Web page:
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I've been swindled! Also, ethernet on LCII/III question.

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    I've been swindled! Also, ethernet on LCII/III question.

    Yesterday for $5 I found a mac LCII at thrift store and I snatched it up. The outside case is so old and yellow it looks like someone had it sitting outside since 1994... Anyway, I got it because I fully intended to strip it for parts. Super drive floppies are a PITA, and it had a small 80mb scsi hard drive. the nice thing about this particular hard drive is its power requirements. If the sticker can be believed, it only wants 200mA from each the 5v and 12v lines. Which is excelent, because I want to mod a hard drive INSIDE a mac plus. It had 2x 4mb simms that were salvaged and put into a SB 3600 sound card and the coolest part is, it had an Ethernet card! YAY! The LCIII I have needs one of these! The power supply would be a nice backup as well.

    So, question #1; the network card from the LCII fits into my LCIII, but will it work?
    question 2: Do i leave the co-processor in the motherboard, or do I put it in the slot on the network card? (I'm not joking, I remember something about this, but I'm not sure)

    While poking around in these machines I realized something. The processor in the LCIII is marked the same as the LCII. This isnt right! they were supposed to be a different! I know the 3's were supposed to run at 25mhz and some at 33! But the processors are both the same between the LCII and LCIII! Here are some pictures; The LCII is on the LEFT and the III on the right.



    Did my father get swindled back in 1994 or do they really overclock the processors for the 3's?
    It is a mistake to think you can solve any major problems just with potatoes.

    #2
    The LC PDS Ethernet Card works in all the machines with an LC PDS Slot, Color Classic, LC, LCII, LC3, all the 575 series, the 630 series.

    I really see no benefit for the Coprocessor unless your doing lots of math type stuff. my LCII and II also have the same processor..

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      #3
      Originally posted by AppleIIfan View Post
      The LC PDS Ethernet Card works in all the machines with an LC PDS Slot, Color Classic, LC, LCII, LC3, all the 575 series, the 630 series.

      I really see no benefit for the Coprocessor unless your doing lots of math type stuff. my LCII and II also have the same processor..
      its good to hear. But do I put the co-pro in the Ethernet card or do I leave it where it is? I'm not going to remove it and let it sit. My father got it because he did a lot of CAD and graphics work on this machine. While I'm probably going to game on it, I fail to see a reason to remove it.

      But my main concern now is the processor speed. is the 3 running at 16 or 25? And diddnt they do a bus change between the 2 and 3? wasn't the 2 limited to like 10mb of ram and the 3 to 36mb? I can't imagine apple knowingly running a chip marked for 16, at 25/33.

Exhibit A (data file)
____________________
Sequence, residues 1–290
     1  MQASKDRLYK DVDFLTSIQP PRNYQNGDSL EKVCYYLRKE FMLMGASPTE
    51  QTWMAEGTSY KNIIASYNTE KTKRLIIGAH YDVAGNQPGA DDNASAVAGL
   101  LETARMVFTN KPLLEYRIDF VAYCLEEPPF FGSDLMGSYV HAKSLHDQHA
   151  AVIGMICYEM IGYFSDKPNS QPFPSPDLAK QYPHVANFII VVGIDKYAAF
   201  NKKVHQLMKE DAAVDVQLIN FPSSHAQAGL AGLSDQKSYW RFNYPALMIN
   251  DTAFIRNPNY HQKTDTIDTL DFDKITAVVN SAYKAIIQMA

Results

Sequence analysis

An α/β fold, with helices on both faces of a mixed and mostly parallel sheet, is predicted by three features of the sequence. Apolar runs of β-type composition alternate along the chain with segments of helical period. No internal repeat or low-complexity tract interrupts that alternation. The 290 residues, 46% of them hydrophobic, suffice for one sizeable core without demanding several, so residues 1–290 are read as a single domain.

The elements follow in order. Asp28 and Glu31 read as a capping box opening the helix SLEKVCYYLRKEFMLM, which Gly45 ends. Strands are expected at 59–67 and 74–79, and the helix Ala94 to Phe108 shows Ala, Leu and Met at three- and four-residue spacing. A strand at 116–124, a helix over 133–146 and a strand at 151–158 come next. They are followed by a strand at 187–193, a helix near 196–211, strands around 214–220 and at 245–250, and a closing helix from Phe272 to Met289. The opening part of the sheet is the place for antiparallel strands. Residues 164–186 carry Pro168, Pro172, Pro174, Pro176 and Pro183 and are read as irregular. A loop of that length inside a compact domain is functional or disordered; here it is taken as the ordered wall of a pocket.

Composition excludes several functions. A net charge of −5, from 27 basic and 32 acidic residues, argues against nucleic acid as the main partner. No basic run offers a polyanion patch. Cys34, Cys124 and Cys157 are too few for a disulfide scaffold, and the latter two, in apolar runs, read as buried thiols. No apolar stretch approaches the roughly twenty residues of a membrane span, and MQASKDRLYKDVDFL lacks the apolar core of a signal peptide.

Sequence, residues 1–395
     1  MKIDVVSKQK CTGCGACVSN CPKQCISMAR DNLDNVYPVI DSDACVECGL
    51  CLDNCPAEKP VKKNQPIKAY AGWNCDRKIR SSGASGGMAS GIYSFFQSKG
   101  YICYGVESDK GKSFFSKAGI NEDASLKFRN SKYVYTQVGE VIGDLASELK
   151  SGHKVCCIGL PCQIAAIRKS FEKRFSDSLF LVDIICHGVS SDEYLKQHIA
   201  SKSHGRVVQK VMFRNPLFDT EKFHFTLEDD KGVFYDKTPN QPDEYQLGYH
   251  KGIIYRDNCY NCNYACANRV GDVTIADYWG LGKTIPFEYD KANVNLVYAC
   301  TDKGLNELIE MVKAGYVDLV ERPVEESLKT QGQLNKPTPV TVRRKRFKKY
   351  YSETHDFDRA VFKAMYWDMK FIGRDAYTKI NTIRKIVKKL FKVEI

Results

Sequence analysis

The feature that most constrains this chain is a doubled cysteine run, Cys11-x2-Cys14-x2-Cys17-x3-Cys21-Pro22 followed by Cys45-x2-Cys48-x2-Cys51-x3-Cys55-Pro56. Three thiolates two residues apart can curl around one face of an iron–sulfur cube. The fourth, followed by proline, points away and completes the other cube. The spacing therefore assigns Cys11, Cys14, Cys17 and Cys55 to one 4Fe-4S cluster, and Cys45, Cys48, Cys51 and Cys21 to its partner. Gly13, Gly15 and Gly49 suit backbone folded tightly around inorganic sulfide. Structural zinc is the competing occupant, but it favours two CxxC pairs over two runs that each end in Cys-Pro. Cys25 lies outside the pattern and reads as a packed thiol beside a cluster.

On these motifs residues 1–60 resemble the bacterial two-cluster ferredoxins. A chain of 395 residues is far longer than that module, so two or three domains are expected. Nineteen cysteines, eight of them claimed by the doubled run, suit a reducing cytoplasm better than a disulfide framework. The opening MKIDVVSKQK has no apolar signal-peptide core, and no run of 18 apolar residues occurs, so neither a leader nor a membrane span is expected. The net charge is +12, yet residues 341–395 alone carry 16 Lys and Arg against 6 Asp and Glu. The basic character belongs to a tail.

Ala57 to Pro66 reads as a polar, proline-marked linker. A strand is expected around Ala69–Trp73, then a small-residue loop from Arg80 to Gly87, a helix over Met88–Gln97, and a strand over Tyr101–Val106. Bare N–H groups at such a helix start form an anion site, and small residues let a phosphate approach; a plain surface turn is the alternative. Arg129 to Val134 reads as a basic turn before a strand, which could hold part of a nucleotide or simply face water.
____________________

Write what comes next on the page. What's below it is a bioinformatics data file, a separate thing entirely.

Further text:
It is a mistake to think you can solve any major problems just with potatoes.

      Comment


        #4
        If its pin compatible go ahead, the LCII is limited to 10mb via 30pin SIMMS, the LC 3 is a max of 36MB, I have a 32MB stick in mine. Works rather well. my LC 3 is just doing MacIP Serving duties

        Comment


          #5
          Originally posted by luckybob View Post
          While poking around in these machines I realized something. The processor in the LCIII is marked the same as the LCII. This isnt right! they were supposed to be a different! I know the 3's were supposed to run at 25mhz and some at 33! But the processors are both the same between the LCII and LCIII! Here are some pictures; The LCII is on the LEFT and the III on the right.
          Quite often they will use one CPU for all similar models and then run them at different clock speeds based on the hardware around it as it as cheaper for them to order a couple hundred thousand 33 mhz chips than to order equal quantities of two different speeds. Also on CPU fab lines quite often slower speed chips are simply rejects from the faster speed line (Intel did that with celery's for ages).

          On the other side you have Motorola, who would run tests against their slower clock line for the 'gems' that could handle higher clock speeds. While Intel intentionally makes for example, 1ghz P3's and then sold the ones not up to snuff as celery 600's, Motorola intentionally makes 16mhz and sells the gems as 25mhz -- which is where the rest of the numbers on the chip come into play. Somewhere in there is likely a 'quality rating'. Putting an an above spec chip in at 25mhz was quite common practice... consider it the same as the difference between a AMD or Seimens 8088, 8088-1 and 8088-2; the -1 was rated to 10mhz, the -2 could handle 8mhz, the numberless was only rated to 5mhz, and 99% of them were all made of the same circuit design on the same production line from the same silicon... what number got stamped on them usually being related more to testing results, imperfections in the base wafer and product demand than by design.